Job Title: Professor Emeritus, Earth & Ocean Sciences (Oceanography)
Place of Birth: Pasadena, California, USA
High School attended: Harbor High (Newport Beach, Cal.)
Further Education: University of Miami (B.Sc., M.Sc.), University of Hawaii (Ph.D.).
Geographic focus of research: West Coast of Canada, or anywhere there is an ocean!
Brief synopsis of current research:
Factors affecting the distribution of plankton.
Powlik, J.J., Lewis, A.G. & Spaeth, M., 1997. Development, body length, and feeding of Tigriopus californicus (Copepoda, Harpacticoida) in laboratory and field populations. Crustaceana, 70: 324-343.
Syvitski, J.P.M. and Lewis, A.G. (1992) The seasonal distribution of suspended particles, and their iron and manganese loading, in a glacial runoff fjord. Geoscience Canada. 19: 13-20
Lewis, A.G., Chatters, L. & Raudsepp, M. (1998). Feeding structures and their functions in adult and preadult Tigriopus californicus (Copepoda: Harpacticoida). Journal of the Marine Biological Association of the United Kingdom. 78: 451-466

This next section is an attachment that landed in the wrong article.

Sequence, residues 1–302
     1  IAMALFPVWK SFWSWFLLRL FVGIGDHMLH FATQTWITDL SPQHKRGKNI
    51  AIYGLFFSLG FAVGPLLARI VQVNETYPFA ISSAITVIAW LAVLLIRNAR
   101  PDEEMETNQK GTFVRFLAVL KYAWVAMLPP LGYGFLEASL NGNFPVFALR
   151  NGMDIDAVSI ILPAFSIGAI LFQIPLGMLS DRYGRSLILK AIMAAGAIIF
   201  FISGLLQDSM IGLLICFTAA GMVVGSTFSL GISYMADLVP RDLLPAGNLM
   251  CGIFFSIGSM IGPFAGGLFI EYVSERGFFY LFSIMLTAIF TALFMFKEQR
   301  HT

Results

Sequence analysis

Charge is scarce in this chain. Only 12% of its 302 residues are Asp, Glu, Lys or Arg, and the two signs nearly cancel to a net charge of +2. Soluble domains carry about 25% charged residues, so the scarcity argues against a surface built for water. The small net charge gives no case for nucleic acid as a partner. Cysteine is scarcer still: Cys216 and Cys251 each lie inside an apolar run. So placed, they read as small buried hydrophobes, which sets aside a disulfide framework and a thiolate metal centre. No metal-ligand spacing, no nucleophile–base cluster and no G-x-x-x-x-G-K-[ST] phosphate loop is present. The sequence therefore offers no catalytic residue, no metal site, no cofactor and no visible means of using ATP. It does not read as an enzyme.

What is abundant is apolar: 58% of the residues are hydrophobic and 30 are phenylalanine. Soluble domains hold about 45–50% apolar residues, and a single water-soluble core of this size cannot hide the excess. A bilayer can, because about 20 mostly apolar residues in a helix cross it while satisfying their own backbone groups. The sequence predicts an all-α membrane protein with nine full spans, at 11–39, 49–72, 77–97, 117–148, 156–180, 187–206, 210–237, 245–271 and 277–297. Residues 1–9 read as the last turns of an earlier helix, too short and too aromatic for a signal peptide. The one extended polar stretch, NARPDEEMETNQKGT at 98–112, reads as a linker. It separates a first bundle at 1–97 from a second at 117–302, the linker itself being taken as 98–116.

Mackas, D.L., Goldblatt, R. & Lewis, A.G. (1998). Interdecadal variation in developmental timing of Neocalanus plumchrus populations at Ocean Station P in the subarctic North Pacific. Canadian Journal of Fisheries & Aquatic Sciences, 55: 1878-1893.
Goldblatt, R., Mackas, D.L. & Lewis, A.G. (1999). Mesozooplankton community characteristics in the NE subarctic Pacific. Deep-Sea Research II (Topical Studies in Oceanography - Canadian JGOFS in the NE Subarctic Pacific), 46: 2619-2644.
With its inlets, bays and fjords, British Columbia is the finest place in the world to work on coastal oceanography.
Since oceanography is such an interdisciplinary field, Canadians in a variety of disciplines work together on coastal and oceanic processes of importance to problems in fisheries and atmospheric science.